One teacher commented how one of her students struggled with reading, but was far exceeding expectations in the viewing strand. She acknowledged how empowering it was to be able to share that information with parents during interviews, where traditionally, she would have typically had less positive news if she’d only focused on reading and writing. No doubt that student also felt empowered.

I could share a myriad of positive feedback that came from today’s session…which is wonderful to have. But, there is still concern about the validity of focusing equally on all 6 strands. These teachers want the research. Where is the proof that focusing on all 6 strands will lead to improved student learning? Why should they give up what they’ve always done? Is this just anothere bandwagon that we’re jumping on?

One of the suggestions that came from today’s session was to develop an information video for parents about the 6 strands, which could be played at PTI’s. I’m going to start working on it right away – because the message does need to be spread.

Our kids need to critically view, listen, read, represent, speak and write. Our teachers need to provide them authentic, contextualized opportunities to do so. 

This group of teachers is working hard to figure out how to do that. It’s not easy work. But they’re mucking about, talking, questioning, experimenting, but most importantly, reflecting…and I think that is what is most critical – whether we’re implementing new technology, new instructional strategies, or a new definition of “literacy”.

I thought these links were somewhat interesting in light of my last post…

http://www.nationalpost.com/life/story.html?id=213392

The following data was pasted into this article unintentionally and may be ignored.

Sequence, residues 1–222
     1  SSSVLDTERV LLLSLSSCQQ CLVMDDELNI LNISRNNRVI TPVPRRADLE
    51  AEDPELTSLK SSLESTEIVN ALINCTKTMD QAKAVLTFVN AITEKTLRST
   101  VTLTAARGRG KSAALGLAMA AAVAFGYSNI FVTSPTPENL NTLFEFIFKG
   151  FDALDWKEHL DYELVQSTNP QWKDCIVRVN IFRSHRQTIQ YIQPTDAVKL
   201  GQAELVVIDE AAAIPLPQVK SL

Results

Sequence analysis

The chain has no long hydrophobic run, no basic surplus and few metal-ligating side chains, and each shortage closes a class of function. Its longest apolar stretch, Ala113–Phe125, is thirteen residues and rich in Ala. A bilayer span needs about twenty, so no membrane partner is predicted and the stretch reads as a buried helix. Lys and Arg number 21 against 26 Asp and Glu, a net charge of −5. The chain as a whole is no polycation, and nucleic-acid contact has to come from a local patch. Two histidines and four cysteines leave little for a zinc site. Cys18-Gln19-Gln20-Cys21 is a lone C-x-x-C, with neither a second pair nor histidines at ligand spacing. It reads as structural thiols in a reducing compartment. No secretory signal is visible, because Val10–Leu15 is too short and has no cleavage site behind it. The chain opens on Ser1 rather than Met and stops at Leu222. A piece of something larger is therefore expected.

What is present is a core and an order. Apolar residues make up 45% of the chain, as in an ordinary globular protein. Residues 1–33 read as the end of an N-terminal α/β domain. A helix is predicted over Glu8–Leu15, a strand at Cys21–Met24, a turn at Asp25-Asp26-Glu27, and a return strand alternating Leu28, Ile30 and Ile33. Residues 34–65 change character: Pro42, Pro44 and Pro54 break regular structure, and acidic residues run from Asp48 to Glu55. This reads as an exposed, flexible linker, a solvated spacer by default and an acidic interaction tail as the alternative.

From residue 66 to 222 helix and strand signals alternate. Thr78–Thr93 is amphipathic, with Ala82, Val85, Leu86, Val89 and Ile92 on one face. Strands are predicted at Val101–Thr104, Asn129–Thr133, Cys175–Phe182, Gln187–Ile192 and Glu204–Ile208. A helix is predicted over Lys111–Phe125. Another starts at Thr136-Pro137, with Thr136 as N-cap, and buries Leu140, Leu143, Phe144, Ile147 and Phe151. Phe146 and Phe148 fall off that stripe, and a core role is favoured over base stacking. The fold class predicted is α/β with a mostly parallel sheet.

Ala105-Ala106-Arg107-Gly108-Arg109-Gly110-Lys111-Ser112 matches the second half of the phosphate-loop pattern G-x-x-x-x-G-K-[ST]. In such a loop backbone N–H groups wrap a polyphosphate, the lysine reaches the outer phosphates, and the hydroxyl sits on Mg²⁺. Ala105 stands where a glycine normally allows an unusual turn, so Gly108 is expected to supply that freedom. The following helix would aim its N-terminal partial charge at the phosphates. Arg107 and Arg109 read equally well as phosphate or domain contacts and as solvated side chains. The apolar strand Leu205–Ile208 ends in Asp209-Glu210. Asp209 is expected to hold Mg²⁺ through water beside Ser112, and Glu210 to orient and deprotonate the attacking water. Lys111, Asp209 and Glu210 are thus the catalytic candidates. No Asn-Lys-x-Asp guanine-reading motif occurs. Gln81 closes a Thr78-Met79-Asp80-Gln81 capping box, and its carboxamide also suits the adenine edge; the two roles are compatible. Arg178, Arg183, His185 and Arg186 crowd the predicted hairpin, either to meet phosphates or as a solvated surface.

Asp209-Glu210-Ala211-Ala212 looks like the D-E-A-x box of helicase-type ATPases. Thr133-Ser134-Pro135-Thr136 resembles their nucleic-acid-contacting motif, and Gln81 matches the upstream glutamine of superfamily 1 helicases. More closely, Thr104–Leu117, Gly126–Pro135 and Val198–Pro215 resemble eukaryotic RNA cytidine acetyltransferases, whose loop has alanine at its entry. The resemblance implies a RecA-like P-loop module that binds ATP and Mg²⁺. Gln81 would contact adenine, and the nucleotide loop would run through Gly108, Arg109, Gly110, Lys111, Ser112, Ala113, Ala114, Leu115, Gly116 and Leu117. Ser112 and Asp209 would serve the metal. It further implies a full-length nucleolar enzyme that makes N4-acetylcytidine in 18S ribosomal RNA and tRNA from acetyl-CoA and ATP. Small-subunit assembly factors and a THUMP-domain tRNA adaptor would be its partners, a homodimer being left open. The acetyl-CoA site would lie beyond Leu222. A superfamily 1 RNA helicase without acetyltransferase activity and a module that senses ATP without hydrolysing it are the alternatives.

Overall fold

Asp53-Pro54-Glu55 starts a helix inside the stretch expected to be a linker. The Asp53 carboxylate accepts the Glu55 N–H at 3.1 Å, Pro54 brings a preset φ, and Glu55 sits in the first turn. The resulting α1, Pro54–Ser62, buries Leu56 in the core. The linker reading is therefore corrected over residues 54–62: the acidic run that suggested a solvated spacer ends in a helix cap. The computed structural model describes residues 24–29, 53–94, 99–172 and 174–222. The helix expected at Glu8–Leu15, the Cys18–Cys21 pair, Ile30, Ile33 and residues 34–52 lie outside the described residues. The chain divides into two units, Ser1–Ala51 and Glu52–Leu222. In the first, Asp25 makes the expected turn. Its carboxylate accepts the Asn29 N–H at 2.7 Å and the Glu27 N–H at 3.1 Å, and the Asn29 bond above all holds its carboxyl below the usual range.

You may have read this article about a young woman in New York who’s house was totally trashed after a New Year’s party. She used email and PayPal to try to get some money from the attendees to cover damages. Perhaps she should get better friends. LOL.

http://www.cbc.ca/canada/toronto/story/2007/06/11/facebook-police.html?ref=rss

This article speaks about the Ontario Police using Facebook to intercept a bush party, and then using Facebook to also warn potential attendees of their presence. Smart cookies…no one showed up at the party. Fingers crossed my sister’s post will have the same effect!! 🙂

Interesting to note, though, that Facebook has become a powerful tool for the police. I’m glad I have no outstanding warrants. LOL.

While I would normally not include family crises on this blog, Facebook and MSN messenger, along with text messaging no doubt, have helped to create a situation that is of great concern to me, and so I think this might be the appropriate venue to divulge, since we have been examining the pros and cons of social networking. A little background is necessary…

I have 3 siblings in my family – a brother and sister in their 30’s, and my youngest brother who is 19, soon to be 20. The age difference is considerable, and has created at times the disadvantage of my youngest to have not two parents, but five. Despite this, or maybe as a direct result of this, he doesn’t seem to pay much attention to anyone, and pretty much goes about his business with little regard for others, especially my folks. Don’t get me wrong – he’s not a bad person…just maybe a little spoiled and lacking some maturity and responsibility.